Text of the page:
Full Interview: Dick Cheney on Iraq

VP: Well I have been tremendously privileged to serve as George Bush's vice president. I'd spent 23, 25 years in government when I finished my tour as Secretary of Defense and then left and went to private life and thought that I finished my political career when he invited me to join him on the ticket 8 years ago now. And I am very glad that I did, it's been a remarkable period of time its been a, say a privilege, to serve with him, I wouldn't have missed it for the world. in terms of trying to forecast forward in terms of the debate in the discussion we participated in earlier today, that is really impossible to do, I can't say that in the future Vice presidents will operate the way I have. It will term on the President and what he wants in a vice president, what he expects, it will depend upon the times in which they govern, what kind of qualities the future vice president brings to the job, sometimes vice presidents are selected for purely political reasons to help win a key state on election campaigns. Sometimes its the bind up that goes after the party, you go after who ever the nominee defeated in the primary process. Those weren't calculations that George Bush made when he picked me, he picked me because he said he wanted me to be part of his administration to be a member of the team and that's exactly what he has done, I've been the beneficiary.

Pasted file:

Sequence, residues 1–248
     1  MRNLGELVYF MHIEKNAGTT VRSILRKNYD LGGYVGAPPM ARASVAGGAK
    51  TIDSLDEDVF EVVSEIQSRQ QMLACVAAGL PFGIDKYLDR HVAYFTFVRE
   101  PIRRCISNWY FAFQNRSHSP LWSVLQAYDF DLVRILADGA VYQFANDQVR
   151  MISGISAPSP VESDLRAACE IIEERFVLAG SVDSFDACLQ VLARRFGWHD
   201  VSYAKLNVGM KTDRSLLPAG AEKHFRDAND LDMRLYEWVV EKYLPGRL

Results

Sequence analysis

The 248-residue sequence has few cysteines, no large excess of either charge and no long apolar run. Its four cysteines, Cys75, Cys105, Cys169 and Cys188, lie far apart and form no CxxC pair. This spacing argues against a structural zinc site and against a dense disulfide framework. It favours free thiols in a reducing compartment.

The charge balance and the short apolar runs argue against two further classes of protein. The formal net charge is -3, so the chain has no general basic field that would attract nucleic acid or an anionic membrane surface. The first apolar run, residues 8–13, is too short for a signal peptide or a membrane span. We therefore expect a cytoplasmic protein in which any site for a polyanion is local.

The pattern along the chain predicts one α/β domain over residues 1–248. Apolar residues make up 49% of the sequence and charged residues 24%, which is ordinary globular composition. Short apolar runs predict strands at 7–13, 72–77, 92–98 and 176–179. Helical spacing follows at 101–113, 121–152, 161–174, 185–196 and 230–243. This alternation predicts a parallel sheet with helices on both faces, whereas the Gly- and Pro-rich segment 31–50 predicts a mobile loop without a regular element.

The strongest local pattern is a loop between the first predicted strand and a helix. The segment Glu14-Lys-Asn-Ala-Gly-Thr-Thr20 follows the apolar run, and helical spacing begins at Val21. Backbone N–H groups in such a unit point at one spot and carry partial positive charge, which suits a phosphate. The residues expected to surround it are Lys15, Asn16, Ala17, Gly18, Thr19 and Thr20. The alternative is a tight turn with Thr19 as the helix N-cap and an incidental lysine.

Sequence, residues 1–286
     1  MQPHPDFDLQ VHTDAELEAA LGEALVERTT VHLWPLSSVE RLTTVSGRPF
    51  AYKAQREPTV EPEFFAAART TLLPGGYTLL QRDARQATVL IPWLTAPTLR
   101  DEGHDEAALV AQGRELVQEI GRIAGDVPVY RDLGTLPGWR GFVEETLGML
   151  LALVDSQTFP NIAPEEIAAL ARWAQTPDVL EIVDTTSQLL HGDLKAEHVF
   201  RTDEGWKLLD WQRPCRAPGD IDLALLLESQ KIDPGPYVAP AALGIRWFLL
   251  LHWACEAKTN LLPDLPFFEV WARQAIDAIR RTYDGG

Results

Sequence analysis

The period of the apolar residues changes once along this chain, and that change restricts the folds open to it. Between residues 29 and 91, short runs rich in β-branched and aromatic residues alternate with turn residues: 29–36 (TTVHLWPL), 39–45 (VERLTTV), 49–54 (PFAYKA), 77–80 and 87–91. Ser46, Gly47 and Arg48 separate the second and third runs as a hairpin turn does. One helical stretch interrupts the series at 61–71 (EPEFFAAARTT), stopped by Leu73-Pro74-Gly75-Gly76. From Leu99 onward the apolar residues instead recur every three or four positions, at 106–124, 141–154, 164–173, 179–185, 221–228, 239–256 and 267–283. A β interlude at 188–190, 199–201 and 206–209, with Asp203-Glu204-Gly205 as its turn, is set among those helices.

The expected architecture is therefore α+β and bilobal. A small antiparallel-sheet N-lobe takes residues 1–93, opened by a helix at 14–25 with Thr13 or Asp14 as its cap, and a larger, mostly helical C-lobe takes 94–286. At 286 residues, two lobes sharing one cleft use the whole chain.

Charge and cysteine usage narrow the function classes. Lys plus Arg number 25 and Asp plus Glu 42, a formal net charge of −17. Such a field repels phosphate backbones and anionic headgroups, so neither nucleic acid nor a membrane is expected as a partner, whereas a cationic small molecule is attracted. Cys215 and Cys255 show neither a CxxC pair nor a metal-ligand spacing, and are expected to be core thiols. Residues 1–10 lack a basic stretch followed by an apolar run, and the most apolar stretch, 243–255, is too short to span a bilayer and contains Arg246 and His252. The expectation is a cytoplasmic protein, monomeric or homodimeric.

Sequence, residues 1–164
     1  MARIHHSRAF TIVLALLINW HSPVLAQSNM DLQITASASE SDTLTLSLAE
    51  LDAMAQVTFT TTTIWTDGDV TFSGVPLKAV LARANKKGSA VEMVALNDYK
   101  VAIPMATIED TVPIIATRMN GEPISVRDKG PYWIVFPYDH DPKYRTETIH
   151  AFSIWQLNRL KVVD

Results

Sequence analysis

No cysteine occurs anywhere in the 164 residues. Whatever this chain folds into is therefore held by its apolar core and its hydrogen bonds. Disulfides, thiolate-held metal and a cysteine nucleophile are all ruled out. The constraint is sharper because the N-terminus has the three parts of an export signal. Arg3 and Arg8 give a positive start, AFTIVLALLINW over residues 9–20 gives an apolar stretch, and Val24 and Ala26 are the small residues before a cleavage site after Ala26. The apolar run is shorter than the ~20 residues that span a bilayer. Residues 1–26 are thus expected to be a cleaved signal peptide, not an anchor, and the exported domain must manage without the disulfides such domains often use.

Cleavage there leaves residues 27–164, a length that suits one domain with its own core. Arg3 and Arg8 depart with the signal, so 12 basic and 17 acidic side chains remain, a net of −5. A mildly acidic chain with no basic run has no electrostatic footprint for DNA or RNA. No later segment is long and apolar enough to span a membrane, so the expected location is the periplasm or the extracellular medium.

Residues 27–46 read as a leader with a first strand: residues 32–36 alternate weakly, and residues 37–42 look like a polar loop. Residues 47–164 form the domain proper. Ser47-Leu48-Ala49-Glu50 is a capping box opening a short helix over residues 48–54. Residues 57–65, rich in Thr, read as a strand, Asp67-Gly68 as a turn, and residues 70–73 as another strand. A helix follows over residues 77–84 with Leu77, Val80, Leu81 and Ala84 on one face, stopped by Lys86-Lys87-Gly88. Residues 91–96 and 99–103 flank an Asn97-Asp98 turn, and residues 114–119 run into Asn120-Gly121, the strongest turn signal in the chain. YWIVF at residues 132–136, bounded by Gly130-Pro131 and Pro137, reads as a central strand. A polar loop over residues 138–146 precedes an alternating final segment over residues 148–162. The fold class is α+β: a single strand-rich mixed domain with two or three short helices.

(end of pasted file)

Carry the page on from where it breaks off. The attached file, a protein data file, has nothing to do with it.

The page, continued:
ABC: Well you have been pretty successful on this trip, I'll say that normally you aren't, normally we don't hear from you very often. I think I said to you that I covered the White House two and a half years and I never really met you before. Is that really fair to the public, because you have been so powerful shouldn't you be out there answering questions more?

VP: Martha, the way that I look at it, and the reason that I am less visible in this job than say when I was Secretary of Defense, there I was out all of the time, is this is a different job. My job really here is as an advisor to the President as a counselor in effect, I don't run anything, I'm not in charge of a department or a particular policy area and for me to be out all of the time commenting on the issues of the day pontificating if you will on whets going on, to some extent infringes upon everybody else in the administration, especially with those specific people who have got specific responsibilities. So I do it rarely, I've agreed to do this today because we've done this trip that involves a certain amount of visibility and so forth and so I have done that. But its very conscience decision on my part, that the job I have had as vice president can best be done if I am not out publicly commenting on all of these issues, the question you and your colleagues in the press always asks is, 'What did you advise the President, did he support that policy, did he do what you recommended?' Those are questions that I won't answer. My value to him is the fact that we can talk privately I can tell him what I think, sometimes he agrees, sometimes he disagrees he doesn't take my advice all the time by any means. But the contribution that I make and my value to him I think is greater because he knows and everybody else knows I'm not going to be in the front pages of the paper tomorrow talking about what I advised the President on what particular issue.

ABC: You have been in the front pages of the papers this week --

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